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The lie

Author: Alberto Moravia; Angus Davidson
Publisher: New York : Farrar, Straus and Giroux, [1966] ©1966
Edition/Format:   Print book : Fiction : EnglishView all editions and formats
Summary:
This is a story of Francesco Merighi, a journalist, who, to escape a disintegrating marriage, has become a foreign correspondent, spending most of his time out of Italy and traveling abroad. During these ten years, he has continued to share the same apartment with his wife Cora and his step-daughter Baba but has hardly seen or spoken to either of them. When the novel opens, Francesco has made one of his infrequent  Read more...
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Details

Genre/Form: Fiction
Material Type: Fiction
Document Type: Book
All Authors / Contributors: Alberto Moravia; Angus Davidson
OCLC Number: 360533
Notes: Translation of L'attenzione.
Description: 334 pages ; 21 cm
Other Titles: Attenzione.
Responsibility: Alberto Moravia ; translated by Angus Davidson.

Abstract:

This is a story of Francesco Merighi, a journalist, who, to escape a disintegrating marriage, has become a foreign correspondent, spending most of his time out of Italy and traveling abroad. During these ten years, he has continued to share the same apartment with his wife Cora and his step-daughter Baba but has hardly seen or spoken to either of them. When the novel opens, Francesco has made one of his infrequent returns to Rome and has just discovered, through an anonymous letter, that his wife, who has a dressmaking shop, allegedly has a second profession, that of a procuress. He also learns that she had once tried to introduce her then fourteen-year-old daughter into her business. Baba is now twenty, and Francesco finds that his own feelings for his stepdaughter are, or could become, incestuous. For a long time Francesco has been obsessed by a desire to write a novel, and he decides to note in a diary the events of his life with Cora and his inclinations toward Baba; the diary will eventually serve as the raw material of the novel. It does not take long for Francesco to understand that a writer inevitable changes facts and corrects the truth and that even a simple record of life - such as the journal he is keeping - is impossible: an artist always project himself into his narrative and substitutes fictional truth for object reporting.

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Linked Data


Primary Entity

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    a schema:CreativeWork, schema:Book ;
   bgn:translationOfWork <http://www.worldcat.org/title/-/oclc/360533#CreativeWork/unidentifiedOriginalWork> ; # Attenzione.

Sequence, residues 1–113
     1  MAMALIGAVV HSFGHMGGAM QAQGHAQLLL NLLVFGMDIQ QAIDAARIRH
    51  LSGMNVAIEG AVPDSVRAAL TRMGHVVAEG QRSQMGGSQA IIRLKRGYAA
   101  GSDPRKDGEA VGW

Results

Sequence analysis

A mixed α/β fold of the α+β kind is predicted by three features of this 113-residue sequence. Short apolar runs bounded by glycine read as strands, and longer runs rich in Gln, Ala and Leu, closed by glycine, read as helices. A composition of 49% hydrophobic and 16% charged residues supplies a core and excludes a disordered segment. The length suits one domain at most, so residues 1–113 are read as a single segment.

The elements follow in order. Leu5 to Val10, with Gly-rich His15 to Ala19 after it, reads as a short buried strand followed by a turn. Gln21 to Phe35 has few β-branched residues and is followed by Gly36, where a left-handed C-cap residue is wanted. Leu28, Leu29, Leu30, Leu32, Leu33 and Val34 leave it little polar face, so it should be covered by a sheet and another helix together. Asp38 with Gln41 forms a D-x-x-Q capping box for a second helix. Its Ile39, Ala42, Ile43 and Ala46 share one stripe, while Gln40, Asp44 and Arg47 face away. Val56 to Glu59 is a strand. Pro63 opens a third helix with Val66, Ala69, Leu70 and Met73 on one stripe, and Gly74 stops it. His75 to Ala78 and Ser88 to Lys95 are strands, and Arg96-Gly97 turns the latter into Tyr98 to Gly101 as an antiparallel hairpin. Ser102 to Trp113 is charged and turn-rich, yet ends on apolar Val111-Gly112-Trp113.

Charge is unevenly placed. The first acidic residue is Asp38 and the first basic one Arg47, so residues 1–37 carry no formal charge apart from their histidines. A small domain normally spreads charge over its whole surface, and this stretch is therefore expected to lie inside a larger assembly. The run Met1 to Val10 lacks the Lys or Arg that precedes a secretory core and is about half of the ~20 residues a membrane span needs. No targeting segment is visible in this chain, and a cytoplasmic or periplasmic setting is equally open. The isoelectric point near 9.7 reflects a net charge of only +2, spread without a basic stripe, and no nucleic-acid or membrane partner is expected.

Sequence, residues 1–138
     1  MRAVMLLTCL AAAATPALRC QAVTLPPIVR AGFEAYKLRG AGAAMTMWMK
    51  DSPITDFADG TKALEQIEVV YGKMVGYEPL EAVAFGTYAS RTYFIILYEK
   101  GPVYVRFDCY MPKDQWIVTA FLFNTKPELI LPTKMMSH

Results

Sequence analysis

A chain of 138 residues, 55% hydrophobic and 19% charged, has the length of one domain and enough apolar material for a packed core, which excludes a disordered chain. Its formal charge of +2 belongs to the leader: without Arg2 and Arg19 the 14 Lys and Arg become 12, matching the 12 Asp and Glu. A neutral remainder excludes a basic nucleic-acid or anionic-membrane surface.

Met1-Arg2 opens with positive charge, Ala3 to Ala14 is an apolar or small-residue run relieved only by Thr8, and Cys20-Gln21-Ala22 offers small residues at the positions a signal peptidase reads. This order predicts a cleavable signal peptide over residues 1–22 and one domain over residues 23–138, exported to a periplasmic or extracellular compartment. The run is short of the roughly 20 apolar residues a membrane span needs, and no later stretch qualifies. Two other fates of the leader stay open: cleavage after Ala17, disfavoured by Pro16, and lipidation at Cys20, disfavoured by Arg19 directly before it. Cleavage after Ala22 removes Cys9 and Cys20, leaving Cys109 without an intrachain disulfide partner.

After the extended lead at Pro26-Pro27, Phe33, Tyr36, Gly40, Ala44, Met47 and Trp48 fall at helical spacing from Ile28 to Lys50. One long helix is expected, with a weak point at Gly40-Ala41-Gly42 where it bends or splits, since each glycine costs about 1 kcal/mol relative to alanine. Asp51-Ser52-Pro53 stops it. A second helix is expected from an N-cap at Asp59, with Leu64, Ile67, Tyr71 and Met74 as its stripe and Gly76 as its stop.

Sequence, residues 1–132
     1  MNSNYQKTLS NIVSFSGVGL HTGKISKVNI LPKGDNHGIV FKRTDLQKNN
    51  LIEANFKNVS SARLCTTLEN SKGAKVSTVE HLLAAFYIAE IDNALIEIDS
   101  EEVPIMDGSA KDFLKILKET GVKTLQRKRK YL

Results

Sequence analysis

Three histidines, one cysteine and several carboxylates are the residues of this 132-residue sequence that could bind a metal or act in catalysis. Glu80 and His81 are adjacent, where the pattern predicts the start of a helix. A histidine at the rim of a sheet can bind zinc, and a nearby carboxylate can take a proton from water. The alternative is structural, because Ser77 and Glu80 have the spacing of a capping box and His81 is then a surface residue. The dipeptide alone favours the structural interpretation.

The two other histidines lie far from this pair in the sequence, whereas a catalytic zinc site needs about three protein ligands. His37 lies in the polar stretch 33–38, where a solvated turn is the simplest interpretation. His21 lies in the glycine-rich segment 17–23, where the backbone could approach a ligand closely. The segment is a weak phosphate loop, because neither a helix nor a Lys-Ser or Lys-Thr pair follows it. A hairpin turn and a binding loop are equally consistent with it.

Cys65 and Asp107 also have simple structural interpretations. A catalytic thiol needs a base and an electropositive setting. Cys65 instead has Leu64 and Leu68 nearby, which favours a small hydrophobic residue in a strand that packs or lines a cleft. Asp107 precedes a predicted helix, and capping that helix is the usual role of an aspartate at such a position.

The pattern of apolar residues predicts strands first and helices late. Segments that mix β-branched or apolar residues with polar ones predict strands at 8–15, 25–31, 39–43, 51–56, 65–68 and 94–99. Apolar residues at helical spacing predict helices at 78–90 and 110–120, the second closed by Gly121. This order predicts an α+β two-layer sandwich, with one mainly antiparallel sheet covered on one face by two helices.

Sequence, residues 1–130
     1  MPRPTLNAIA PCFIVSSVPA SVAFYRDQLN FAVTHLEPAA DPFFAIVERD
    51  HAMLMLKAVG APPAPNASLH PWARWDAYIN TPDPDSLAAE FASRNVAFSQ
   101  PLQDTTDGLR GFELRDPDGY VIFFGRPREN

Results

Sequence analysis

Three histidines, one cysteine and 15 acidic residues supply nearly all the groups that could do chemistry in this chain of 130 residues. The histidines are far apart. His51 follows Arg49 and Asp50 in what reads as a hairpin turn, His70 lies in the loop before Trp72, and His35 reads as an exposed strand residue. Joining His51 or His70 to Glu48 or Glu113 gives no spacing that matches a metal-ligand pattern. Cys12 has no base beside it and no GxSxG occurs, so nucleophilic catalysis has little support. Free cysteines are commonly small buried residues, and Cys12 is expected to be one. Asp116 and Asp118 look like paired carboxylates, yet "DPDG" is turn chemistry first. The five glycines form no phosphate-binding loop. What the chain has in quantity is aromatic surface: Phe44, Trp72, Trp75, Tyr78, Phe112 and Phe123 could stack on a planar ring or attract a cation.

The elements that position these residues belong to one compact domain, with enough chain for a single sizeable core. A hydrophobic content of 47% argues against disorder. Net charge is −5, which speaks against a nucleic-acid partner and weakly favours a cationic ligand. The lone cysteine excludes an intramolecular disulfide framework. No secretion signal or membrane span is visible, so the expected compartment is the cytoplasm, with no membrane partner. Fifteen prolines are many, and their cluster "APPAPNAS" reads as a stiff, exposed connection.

library:oclcnum "360533" ;
   library:placeOfPublication <http://id.loc.gov/vocabulary/countries/nyu> ;
   schema:about <http://experiment.worldcat.org/entity/work/data/4095558312#Place/italy> ; # Italy
   schema:about <http://dewey.info/class/853.91/> ;
   schema:about <http://id.worldcat.org/fast/1204565> ; # Italy.
   schema:author <http://viaf.org/viaf/7394594> ; # Alberto Moravia
   schema:bookFormat bgn:PrintBook ;
   schema:contributor <http://viaf.org/viaf/53480876> ; # Angus Davidson
   schema:datePublished "1966" ;
   schema:description "This is a story of Francesco Merighi, a journalist, who, to escape a disintegrating marriage, has become a foreign correspondent, spending most of his time out of Italy and traveling abroad. During these ten years, he has continued to share the same apartment with his wife Cora and his step-daughter Baba but has hardly seen or spoken to either of them. When the novel opens, Francesco has made one of his infrequent returns to Rome and has just discovered, through an anonymous letter, that his wife, who has a dressmaking shop, allegedly has a second profession, that of a procuress. He also learns that she had once tried to introduce her then fourteen-year-old daughter into her business. Baba is now twenty, and Francesco finds that his own feelings for his stepdaughter are, or could become, incestuous. For a long time Francesco has been obsessed by a desire to write a novel, and he decides to note in a diary the events of his life with Cora and his inclinations toward Baba; the diary will eventually serve as the raw material of the novel. It does not take long for Francesco to understand that a writer inevitable changes facts and corrects the truth and that even a simple record of life - such as the journal he is keeping - is impossible: an artist always project himself into his narrative and substitutes fictional truth for object reporting."@en ;
   schema:exampleOfWork <http://worldcat.org/entity/work/id/4095558312> ; # Attenzione.
   schema:genre "Fiction"@en ;
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   schema:name "The lie"@en ;
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   wdrs:describedby <http://www.worldcat.org/title/-/oclc/360533> ;
    .


Related Entities

<http://id.worldcat.org/fast/1204565> # Italy.
    a schema:Place ;
   schema:name "Italy." ;
    .

<http://viaf.org/viaf/53480876> # Angus Davidson
    a schema:Person ;
   schema:birthDate "1898" ;
   schema:deathDate "1982," ;
   schema:familyName "Davidson" ;
   schema:givenName "Angus" ;
   schema:name "Angus Davidson" ;
    .

<http://viaf.org/viaf/7394594> # Alberto Moravia
    a schema:Person ;
   schema:birthDate "1907" ;
   schema:deathDate "1990," ;
   schema:familyName "Moravia" ;
   schema:givenName "Alberto" ;
   schema:name "Alberto Moravia" ;
    .

<http://worldcat.org/entity/work/id/4095558312> # Attenzione.
   schema:name "Attenzione." ;
    .


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